Published on March 1st, 2013 | by Jennifer Kaplan2
Dairy Industry Wants to Put Aspartame in Milk
Dairy industry groups have asked the Food and Drug Administration to be able to put artificial sweeteners in milk, and not change the front labeling. The justification: The changes “would promote more healthful eating practices and reduce childhood obesity by providing for lower-calorie flavored milk products.” Ugh.
According to Courthouse News Service, The International Dairy Foods Association (IDFA) and the National Milk Producers Federation (NMPF) filed a petition in 2009 requesting that the FDA amend its standard of identity for milk. The petition asked the agency to allow the use of “any safe and suitable” sweetener for milk and asked to amend the standards for 17 other milk and cream products. Those products include sweetened condensed milk, whipping cream, yogurt and eggnog, which the groups say should be allowed to have “safe and suitable” sweeteners.
The groups request that the FDA “allow optional characterizing flavoring ingredients used in milk (e.g. chocolate flavoring added to milk) to be sweetened with any safe and suitable sweetener – including non-nutritive sweeteners such as aspartame.” FDA regulations currently only allow milk products to contain “nutritive sweeteners” (those with calories) which the agency generally recognizes as safe.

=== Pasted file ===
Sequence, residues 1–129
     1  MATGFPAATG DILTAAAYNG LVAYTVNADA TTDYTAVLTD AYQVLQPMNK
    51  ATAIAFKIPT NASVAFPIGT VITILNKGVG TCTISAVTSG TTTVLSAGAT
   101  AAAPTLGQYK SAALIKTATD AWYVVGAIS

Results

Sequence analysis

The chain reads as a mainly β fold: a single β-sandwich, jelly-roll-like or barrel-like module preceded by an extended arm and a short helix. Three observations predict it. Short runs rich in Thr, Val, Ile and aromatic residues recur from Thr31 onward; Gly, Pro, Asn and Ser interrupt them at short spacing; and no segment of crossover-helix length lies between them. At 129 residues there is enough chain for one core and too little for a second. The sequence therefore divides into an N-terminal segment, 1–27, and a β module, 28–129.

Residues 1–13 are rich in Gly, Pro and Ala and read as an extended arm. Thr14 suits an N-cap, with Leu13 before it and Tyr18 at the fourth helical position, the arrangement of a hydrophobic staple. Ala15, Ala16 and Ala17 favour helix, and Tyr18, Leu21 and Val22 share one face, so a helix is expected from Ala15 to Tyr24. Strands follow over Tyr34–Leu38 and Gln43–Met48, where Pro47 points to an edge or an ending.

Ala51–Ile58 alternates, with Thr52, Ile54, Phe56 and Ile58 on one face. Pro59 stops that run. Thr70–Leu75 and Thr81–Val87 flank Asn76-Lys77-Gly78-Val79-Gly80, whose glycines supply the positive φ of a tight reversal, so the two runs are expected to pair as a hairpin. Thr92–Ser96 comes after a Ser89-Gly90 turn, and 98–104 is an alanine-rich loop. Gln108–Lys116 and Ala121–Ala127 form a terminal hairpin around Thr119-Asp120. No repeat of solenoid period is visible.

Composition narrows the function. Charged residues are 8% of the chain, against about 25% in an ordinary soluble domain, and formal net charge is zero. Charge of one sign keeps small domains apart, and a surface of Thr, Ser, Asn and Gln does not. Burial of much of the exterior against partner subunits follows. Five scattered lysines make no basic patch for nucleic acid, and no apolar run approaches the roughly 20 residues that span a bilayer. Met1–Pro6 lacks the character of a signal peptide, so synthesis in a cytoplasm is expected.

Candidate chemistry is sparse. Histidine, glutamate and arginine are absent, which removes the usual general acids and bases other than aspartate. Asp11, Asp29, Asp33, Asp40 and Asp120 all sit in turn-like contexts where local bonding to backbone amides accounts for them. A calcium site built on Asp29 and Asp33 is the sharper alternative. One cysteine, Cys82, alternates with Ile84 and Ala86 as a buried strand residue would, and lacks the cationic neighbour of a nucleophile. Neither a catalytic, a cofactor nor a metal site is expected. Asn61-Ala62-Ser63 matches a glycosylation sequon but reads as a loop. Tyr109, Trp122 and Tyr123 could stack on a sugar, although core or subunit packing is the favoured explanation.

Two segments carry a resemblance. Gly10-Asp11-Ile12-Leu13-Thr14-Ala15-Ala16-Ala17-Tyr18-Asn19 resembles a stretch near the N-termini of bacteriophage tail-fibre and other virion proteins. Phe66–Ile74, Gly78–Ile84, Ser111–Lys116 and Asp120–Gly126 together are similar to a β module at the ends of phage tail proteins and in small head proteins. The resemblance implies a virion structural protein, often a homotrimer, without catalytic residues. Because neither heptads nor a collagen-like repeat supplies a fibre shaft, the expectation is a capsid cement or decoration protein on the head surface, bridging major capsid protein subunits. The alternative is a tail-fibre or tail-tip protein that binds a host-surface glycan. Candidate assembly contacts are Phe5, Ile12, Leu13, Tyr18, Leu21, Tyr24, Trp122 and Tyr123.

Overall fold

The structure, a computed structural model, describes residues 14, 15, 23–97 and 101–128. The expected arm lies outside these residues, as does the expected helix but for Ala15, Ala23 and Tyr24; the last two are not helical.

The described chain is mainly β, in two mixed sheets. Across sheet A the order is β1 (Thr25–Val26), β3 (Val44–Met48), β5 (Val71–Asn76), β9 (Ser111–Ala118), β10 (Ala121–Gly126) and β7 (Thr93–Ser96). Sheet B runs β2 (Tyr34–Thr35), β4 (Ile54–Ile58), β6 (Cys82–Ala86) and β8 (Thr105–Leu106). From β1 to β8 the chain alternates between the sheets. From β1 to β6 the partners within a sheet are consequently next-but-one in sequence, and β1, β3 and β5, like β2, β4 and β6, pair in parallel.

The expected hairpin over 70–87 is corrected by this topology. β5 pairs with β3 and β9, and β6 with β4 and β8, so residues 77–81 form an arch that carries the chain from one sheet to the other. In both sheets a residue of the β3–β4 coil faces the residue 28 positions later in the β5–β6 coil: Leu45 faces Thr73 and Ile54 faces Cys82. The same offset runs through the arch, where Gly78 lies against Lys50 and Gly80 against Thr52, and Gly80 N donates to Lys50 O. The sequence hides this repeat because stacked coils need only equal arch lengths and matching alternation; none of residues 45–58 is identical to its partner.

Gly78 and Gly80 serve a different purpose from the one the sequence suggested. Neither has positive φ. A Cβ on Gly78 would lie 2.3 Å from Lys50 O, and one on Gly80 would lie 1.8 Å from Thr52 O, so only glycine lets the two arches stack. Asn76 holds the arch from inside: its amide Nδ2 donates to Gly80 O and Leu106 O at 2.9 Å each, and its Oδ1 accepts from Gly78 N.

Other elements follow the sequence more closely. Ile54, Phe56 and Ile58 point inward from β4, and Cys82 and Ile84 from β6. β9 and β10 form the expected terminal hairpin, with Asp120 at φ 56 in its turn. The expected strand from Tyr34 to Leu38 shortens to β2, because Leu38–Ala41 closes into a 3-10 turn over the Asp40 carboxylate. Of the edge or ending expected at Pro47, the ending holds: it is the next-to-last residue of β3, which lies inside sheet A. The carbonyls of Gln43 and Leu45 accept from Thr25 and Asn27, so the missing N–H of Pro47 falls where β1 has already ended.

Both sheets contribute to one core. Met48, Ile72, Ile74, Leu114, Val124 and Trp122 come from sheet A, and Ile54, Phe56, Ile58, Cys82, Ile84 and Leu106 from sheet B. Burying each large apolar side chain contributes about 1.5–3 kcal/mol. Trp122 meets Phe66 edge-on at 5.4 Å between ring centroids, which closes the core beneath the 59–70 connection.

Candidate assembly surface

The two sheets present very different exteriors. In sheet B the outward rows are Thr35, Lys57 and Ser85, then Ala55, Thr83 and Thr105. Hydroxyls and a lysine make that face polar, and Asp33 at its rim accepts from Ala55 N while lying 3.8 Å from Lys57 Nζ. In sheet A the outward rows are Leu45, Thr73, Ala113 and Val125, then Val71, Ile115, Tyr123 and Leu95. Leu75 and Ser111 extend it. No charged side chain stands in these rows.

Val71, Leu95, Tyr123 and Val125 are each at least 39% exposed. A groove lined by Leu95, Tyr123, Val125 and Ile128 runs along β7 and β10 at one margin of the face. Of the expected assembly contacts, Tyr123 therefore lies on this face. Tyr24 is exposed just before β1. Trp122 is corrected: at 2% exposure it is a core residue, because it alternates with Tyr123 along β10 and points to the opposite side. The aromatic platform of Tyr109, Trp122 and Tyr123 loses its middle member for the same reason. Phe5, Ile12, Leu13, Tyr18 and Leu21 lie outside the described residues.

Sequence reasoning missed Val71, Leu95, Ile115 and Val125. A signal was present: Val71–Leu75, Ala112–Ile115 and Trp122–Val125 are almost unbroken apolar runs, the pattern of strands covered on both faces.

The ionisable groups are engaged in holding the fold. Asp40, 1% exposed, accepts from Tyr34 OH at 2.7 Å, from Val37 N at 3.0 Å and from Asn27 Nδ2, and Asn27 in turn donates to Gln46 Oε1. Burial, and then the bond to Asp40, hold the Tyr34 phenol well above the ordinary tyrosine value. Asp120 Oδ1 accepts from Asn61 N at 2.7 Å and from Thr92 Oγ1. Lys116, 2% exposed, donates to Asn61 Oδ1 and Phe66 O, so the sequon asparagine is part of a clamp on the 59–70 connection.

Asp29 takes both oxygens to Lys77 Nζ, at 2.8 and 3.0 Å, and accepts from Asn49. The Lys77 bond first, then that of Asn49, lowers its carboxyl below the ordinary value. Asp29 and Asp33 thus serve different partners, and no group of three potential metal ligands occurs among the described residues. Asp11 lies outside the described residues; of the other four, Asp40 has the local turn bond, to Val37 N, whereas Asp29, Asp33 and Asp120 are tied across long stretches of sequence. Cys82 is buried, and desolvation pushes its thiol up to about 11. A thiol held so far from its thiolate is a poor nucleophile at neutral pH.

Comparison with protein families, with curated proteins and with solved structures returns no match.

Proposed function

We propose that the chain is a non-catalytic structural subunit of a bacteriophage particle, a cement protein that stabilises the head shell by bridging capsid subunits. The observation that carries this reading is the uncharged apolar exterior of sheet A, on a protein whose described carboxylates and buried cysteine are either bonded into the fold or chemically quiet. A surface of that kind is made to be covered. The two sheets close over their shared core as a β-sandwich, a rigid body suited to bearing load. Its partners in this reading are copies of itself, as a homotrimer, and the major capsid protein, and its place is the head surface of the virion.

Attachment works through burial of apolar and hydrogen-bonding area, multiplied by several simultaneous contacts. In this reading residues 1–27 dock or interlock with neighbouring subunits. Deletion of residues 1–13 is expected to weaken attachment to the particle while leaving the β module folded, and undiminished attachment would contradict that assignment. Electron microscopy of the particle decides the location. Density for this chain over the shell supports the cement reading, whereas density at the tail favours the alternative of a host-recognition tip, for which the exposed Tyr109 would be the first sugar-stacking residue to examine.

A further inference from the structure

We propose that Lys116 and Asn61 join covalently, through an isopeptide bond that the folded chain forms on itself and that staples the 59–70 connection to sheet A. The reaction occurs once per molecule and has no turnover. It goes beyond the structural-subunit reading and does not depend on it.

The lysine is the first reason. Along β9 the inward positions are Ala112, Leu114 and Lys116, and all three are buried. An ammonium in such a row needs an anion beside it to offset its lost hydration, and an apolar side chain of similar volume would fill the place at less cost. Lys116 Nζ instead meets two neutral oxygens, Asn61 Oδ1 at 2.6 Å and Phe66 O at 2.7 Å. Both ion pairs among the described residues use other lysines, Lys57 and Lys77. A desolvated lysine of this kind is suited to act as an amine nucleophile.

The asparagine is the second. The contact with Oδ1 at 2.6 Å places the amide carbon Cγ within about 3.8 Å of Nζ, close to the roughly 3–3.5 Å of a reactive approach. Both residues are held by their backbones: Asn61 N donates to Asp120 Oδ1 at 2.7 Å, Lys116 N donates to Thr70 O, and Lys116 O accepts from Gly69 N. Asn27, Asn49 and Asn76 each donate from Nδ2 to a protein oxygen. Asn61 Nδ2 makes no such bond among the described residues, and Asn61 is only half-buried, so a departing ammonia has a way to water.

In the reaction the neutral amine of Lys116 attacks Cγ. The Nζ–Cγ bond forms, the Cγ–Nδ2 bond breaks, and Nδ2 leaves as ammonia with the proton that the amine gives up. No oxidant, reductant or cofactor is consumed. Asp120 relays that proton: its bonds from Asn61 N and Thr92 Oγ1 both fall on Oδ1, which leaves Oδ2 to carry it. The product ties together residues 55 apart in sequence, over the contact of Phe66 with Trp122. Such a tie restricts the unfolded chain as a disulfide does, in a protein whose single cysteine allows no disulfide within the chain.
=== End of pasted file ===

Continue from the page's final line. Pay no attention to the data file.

If the standard of identity for milk is amended as requested by the petitioners, milk manufacturers could use non-nutritive sweeteners in flavored milk without a nutrient content claim in its labeling.
“They state that lower-calorie flavored milk would particularly benefit school children who, according to IDFA and NMPF, are more inclined to drink flavored milk than unflavored milk at school,” the FDA wrote in its notice.
On February 20, 2013 the FDA issued a notice to request comments, data, and information about the issues presented in the petition. Comments, written or electronic, must be submitted by May 21, 2013.
The petitioners also say they would help with programs that aim to improve nutrition in school meals and argue that the proposed amendments would promote “honesty and fair dealing in the marketplace,” the FDA wrote.
This begs the question (which even the FDA asks): Would the proposed amendments promote honesty and fair dealing in the interest of consumers? What do you think?
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